Mixed messages from different countries as a range of measures are put in place to boost economies. The latest podcast from one of our partners, Architas, looks at the likely impact on markets this week…
* Stock markets sold off last week due to fears around a second wave of coronavirus. This could lead to a reversal of some of the lockdown easing measures we’ve seen, and that’s why the market is concerned.
* Bond markets did well across the board, particularly government bonds. Demand remained high as uncertainty continued around a re-acceleration of coronavirus cases and the pace of the US recovery.
* Last week gold almost hit $1800, a price last seen nine years ago, fuelled by a dash to perceived safe-haven assets.
Stock markets sold off last week, what caused this? This was due to fears of a second wave of coronavirus in the US, particularly in southern states, such as Arizona, South Carolina, Mississippi and Georgia. The US government set criteria for states to reopen, and none of these states, representing 8% of the population, meet the criteria.
There are also concerns about Texas and Florida, where there is a significant ramp-up in cases, and the worries are very much around hospital bed capacity. It’s likely to lead to a reversal of some of the lockdown easing measures we’ve seen, and that’s why the market is concerned. If we look at the US as a whole, on average the hospital bed capacity is running at 37%. But in the most densely populated areas – the Tri-state area of New York, New Jersey and Connecticut – it’s running at 51%; so much healthier numbers in those areas where they had very strict lockdown measures. We’ll have to wait and see; the market is going to be focusing on this over the coming weeks. Some genuine cause for concern there.
This strengthened the bond market?
Yes, bond markets did well across the board, particularly government bonds. Demand for government bonds remained high as investors cited continued uncertainty around a reacceleration of coronavirus cases in many US states and about the pace of the US recovery.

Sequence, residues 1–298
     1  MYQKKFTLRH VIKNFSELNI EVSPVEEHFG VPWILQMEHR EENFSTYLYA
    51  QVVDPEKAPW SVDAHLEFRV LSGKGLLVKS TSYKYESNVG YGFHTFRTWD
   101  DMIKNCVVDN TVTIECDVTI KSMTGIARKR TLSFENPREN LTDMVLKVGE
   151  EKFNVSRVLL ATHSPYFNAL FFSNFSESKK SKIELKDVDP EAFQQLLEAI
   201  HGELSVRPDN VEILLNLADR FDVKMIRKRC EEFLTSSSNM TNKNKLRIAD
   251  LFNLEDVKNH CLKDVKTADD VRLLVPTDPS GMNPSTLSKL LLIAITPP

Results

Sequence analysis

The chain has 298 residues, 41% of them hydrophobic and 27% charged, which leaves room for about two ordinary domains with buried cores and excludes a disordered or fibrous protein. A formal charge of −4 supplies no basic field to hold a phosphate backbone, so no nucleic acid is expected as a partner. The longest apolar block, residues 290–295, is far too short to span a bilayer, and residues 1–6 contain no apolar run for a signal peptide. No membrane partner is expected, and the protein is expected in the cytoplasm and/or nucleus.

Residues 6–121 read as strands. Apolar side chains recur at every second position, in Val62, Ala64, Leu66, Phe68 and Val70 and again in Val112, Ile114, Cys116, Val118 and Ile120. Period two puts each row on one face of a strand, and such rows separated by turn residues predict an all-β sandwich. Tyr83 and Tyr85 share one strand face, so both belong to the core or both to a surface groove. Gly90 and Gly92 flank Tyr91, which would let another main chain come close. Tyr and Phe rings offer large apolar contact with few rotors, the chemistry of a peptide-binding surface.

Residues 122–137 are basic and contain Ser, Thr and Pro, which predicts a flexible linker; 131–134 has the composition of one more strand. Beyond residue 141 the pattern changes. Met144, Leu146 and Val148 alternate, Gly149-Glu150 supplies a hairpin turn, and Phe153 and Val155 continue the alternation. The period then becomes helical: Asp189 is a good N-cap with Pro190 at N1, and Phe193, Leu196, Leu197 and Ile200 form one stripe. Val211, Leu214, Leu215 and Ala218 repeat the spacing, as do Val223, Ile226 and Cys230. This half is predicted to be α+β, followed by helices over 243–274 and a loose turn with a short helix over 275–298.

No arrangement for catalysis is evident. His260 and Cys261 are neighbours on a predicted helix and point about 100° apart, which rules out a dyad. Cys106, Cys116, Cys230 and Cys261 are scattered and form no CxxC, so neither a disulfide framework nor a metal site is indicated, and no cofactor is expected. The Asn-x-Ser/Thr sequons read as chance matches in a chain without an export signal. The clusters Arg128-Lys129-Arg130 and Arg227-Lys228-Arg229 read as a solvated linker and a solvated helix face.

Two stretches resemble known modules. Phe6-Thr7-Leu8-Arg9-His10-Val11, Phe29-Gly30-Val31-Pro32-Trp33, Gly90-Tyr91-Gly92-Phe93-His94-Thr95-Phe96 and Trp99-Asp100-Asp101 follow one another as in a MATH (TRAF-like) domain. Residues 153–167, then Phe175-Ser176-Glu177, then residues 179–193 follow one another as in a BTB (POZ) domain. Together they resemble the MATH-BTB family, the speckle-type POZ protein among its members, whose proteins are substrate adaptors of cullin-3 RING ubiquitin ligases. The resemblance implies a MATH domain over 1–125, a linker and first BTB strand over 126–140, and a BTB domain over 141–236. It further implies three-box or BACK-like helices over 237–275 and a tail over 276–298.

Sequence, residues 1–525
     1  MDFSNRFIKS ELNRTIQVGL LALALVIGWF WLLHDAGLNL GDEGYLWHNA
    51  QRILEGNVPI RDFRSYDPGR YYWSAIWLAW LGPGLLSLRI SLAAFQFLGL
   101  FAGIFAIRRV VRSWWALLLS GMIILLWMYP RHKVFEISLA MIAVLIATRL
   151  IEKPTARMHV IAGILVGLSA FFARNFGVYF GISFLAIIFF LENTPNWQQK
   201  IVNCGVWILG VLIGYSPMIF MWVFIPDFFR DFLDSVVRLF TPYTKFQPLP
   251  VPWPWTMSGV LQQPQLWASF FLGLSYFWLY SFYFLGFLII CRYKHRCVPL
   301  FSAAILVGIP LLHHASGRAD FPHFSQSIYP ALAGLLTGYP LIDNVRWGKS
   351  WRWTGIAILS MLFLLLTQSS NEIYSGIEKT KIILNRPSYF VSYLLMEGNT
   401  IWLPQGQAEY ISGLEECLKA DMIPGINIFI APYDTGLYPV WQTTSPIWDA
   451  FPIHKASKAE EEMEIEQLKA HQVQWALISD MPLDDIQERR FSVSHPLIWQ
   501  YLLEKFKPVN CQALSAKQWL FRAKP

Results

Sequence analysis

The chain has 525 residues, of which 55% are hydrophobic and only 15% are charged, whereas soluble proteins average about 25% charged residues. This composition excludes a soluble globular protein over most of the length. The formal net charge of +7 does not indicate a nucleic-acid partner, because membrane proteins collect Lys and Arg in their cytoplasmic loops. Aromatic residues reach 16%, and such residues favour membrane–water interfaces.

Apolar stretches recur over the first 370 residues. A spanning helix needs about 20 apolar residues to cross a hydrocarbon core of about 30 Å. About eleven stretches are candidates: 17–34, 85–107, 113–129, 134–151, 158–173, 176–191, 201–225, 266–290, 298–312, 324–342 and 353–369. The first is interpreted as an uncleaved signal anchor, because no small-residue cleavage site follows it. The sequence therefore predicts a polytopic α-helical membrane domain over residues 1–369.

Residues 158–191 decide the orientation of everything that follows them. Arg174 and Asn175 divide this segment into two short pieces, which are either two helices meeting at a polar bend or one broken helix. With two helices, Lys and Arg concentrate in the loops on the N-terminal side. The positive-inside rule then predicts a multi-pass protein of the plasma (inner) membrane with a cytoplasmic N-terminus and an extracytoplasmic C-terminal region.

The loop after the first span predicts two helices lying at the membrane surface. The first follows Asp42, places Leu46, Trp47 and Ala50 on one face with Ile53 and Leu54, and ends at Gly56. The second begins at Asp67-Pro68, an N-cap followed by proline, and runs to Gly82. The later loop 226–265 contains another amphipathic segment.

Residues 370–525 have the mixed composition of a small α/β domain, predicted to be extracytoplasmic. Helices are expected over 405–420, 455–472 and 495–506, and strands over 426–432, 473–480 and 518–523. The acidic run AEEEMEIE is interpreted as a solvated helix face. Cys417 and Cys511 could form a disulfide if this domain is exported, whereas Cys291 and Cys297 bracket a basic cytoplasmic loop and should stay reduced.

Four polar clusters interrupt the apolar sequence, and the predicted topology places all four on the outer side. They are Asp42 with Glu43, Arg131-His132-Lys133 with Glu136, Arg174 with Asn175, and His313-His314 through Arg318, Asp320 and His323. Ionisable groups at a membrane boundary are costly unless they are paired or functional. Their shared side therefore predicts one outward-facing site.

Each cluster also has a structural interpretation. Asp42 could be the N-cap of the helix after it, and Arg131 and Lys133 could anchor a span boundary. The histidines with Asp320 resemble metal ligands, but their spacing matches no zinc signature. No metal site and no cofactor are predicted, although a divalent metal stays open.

Gold also had a big week?
Yes, gold has had a good run recently, trading within a $50 range between $1700 to $1750 since the end of April. But over the last week or two the price moved higher, and last week it almost hit $1800. A price not traded at since nine years ago. Fuelled by a dash to perceived safe-haven assets, similar to what government bond markets are doing.
It was a bad week for oil again.
Brent oil was down 4% for the week on the back of the weaker sentiment. On Sunday fracking pioneer Chesapeake Energy Corporation became the largest oil-and-gas company to file for bankruptcy protection during the coronavirus pandemic. The company had too much debt on its balance sheet and, in the face of a weak oil price and lower demand; it could not afford the interest payments on the debt. Occidental, which is the US’s biggest onshore producer, has written off as much as $9billion in asset valuations. Similar to what we saw with BP last week, when they wrote down $17.5 billion in assets.
Do you expect more major oil companies to write down the value of their assets?
Yes, Occidental and BP are the biggest oil companies out there, so there is potential for others to do the same. It depends on what assumptions they’ve used in the first place, in terms of valuing their reserve assets. But using the example of Occidental and BP, we wouldn’t be surprised to see some others doing the same.
What’s on the agenda then for this week?
If we look at the US, we have a bit of a busy calendar from an economic data standpoint. We’ve got some manufacturing data coming out on Wednesday, and we expect to see an improvement there for the June figure over May. We also have the US Federal Reserve minutes, which could shed a bit of light on the recent meeting. But the most important economic data point this week is going to be the US unemployment number, which comes out on Thursday. If we see any surprise on the upside or downside it could move the market.
One thing we thought was worth mentioning is that last week, Donald Trump spoke about the possibility for further stimulus. And Larry Kudlow, the top White House economic official, has also talked about the potential for further direct payments to individuals. What we take from that is if there is an elevation in cases and hospitalisation rates, it is likely to lead to more stimulus, which generally has helped markets thus far.
What next for investors
* Markets will look for signs in the US that coronavirus infection rates may be increasing, which could upset stock markets.
* Elsewhere, gold and government bonds should continue to act as relative safe-haven assets. Markets have started to focus on further potential stimulus and issues outside of the global pandemic, with trade back on the agenda.
* In the meantime, patience and a long term view might be needed while waiting for a revival of economic activity and asset prices.
Listen to the latest podcast HERE
* Logic Wealth Planning provides independent financial advice in Manchester, Bury, Rochdale, Cheshire and the surrounding area, but not limited to the region.